ISBN: 9781529123838
Format: Paperback / softback
Pages: 384
Imprint: Century
Publisher: Cornerstone
Publish Date: 17-Mar-2020
Country of Publication: United Kingdom


Review: Night Theatre by Vikram Paralkar

t2u2yfjss2tof85oppkww3ujvdfa_zszk-pesqhpmh4dda6060“The day the dead visited the surgeon, the air in his clinic was laced with formaldehyde.”

With Night Theatre, Vikram Paralkar has crafted two thirds a masterpiece, its charm  only slightly diminished by the abruptness of one element of its denouement, but which is overall germane to its central themes: the mysteries of death, and the wonders of life.

Paralkar’s novel reminded me of Murakami’s ability to blend the commonplace with the surreal and nightmarish. It’s got a beguiling simple setup. A former surgeon — now relegated to derisory general practitioner duties for reasons explained in the text — is closing up his ramshackle clinic in rural India for the night, when he is visited by an egregiously wounded family. In fact, he quickly realises, the injuries sustained by the teacher, his heavily pregnant wife, and their young son during a brutal assault are unsurvivable. Somehow — impossibly — the dead have come to the surgeon for help. They’ve made a deal with an angel in the afterlife, and they need the surgeon to mend their mortal wounds before sunrise so that they may return to life. But conditions apply to their arrangement.

As this compelling story unfolds throughout the course of a single night, the surgeon’s medical skills and faith are tested like never before; the very foundations of his belief system turned inside out. Night Theatre is beguiling, unnerving and haunting; I loved it, despite my reservations about its resolution.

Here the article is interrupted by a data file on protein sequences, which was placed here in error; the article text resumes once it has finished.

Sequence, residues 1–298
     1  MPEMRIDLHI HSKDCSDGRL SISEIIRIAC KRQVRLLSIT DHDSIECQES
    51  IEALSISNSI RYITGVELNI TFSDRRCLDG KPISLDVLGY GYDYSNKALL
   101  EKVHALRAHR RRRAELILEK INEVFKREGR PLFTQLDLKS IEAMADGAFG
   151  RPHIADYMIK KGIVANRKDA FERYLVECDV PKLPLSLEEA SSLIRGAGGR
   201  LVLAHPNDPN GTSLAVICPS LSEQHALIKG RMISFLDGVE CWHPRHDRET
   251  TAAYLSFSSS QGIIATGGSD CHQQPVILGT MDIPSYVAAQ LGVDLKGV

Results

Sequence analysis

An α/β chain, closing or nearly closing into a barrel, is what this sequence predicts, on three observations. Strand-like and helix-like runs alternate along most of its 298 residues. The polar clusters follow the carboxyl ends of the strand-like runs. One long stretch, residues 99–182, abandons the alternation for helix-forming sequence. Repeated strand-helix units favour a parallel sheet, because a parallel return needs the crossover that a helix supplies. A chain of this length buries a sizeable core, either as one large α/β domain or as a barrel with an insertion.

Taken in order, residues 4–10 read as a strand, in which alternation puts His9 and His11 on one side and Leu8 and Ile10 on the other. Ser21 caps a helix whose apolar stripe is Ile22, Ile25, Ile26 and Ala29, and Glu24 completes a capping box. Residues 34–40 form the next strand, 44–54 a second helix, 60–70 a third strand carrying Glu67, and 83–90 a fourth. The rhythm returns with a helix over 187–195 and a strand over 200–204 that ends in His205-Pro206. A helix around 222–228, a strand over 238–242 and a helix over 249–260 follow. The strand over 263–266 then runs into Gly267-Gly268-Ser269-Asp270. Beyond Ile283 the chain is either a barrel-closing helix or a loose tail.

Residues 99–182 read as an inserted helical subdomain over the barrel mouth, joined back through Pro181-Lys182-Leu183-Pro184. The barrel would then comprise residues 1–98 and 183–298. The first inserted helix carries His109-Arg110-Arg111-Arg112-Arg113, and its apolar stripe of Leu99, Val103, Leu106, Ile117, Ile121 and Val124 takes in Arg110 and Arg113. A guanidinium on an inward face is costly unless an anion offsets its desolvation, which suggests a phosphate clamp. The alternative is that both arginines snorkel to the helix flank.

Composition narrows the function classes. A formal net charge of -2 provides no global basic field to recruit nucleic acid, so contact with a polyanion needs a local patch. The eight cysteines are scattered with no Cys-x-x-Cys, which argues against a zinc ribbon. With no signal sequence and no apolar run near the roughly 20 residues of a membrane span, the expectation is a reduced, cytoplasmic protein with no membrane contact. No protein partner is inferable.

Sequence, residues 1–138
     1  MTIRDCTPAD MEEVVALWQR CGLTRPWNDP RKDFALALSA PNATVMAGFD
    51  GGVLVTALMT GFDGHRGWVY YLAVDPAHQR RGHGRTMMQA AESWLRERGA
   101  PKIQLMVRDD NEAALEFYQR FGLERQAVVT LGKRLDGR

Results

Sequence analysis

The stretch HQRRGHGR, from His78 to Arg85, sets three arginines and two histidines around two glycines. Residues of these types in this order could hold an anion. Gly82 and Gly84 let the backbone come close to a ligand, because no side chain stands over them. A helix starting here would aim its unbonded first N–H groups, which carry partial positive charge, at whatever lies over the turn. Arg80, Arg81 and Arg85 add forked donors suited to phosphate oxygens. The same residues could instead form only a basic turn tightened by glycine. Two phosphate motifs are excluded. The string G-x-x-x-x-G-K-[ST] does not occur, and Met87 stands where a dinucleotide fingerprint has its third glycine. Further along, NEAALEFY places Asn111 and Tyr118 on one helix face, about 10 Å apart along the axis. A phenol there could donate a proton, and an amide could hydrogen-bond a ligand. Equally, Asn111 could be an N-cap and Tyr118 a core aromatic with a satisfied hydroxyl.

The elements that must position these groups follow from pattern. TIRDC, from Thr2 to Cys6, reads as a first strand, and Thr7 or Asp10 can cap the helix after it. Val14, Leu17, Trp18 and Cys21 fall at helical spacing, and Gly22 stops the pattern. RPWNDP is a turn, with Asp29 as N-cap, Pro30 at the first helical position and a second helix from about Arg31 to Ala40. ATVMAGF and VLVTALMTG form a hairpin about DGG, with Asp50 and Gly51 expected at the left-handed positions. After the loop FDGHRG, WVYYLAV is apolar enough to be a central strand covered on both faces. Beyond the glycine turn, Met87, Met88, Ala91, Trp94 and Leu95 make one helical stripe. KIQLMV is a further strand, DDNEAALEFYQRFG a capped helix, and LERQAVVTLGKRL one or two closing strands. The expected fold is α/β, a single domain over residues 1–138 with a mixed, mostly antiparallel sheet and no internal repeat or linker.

ISBN: 9781788161329
Format: Hardback
Pages: 224
Imprint: Profile Books Ltd
Publisher: Profile Books Ltd
Publish Date: 21-Feb-2019
Country of Publication: United Kingdom

Review: Gathering Dark by Candice Fox

9780143789178Candice Fox brilliantly transmutes her distinct brand of crime fiction — action-driven mysteries anchored by dynamic, unorthodox characters, sprinkled with black humour — to Los Angeles in Gathering Dark, in what readers can only hope is the beginning of a brand new series.

The imperilled runaway daughter of her former cellmate reunites ex-con Blair Harbour with Sneak Lawlor. Harbour’s not looking for trouble — the convicted murderer, out on probation, is determined to win back custody of her son — but she owes Sneak for being her only friend on the inside, never mind the overriding guilt she would feel if something happened to Dayly. That their partnership quickly allies them with one of LA’s most feared underworld figures is only the beginning of Harbour’s problems.

Meanwhile, Detective Jessica Sanchez, is facing her own crisis. She’s just inherited a $7 million mansion as a reward for solving a cold case, making her public enemy number one within the LAPD. The last thing she needs is Blair Harbour  — the woman she put behind bars ten years ago — knocking on her door, begging for help.

Fox adroitly shuffles this tangled cast towards an action-packed ending that is considerably tighter and more satisfying than your average whodunit. And while I miss her evocation of the Australian landscape, her Los Angeles feels authentic. With Gathering Dark, Fox has enlivened the standard police procedural with her customary supercharged offbeat characters, and whipcracking pace. More, please.

Published: 31 March 2020
ISBN: 9780143789178
Imprint: Bantam Australia
Format: Trade Paperback
Pages: 432
RRP: $32.99

Review: Redhead by the Side of the Road by Anne Tyler

9781784743482“The thing about old girlfriends, Micah reflected, is that each one subtracts something from you. You say goodbye to your first great romance and move on to the next, but you find you have less to give the next. A little chip of you has gone missing; you’re not quite so wholly there in the new relationship. And less there in the one after that, and even less in the one after that one.”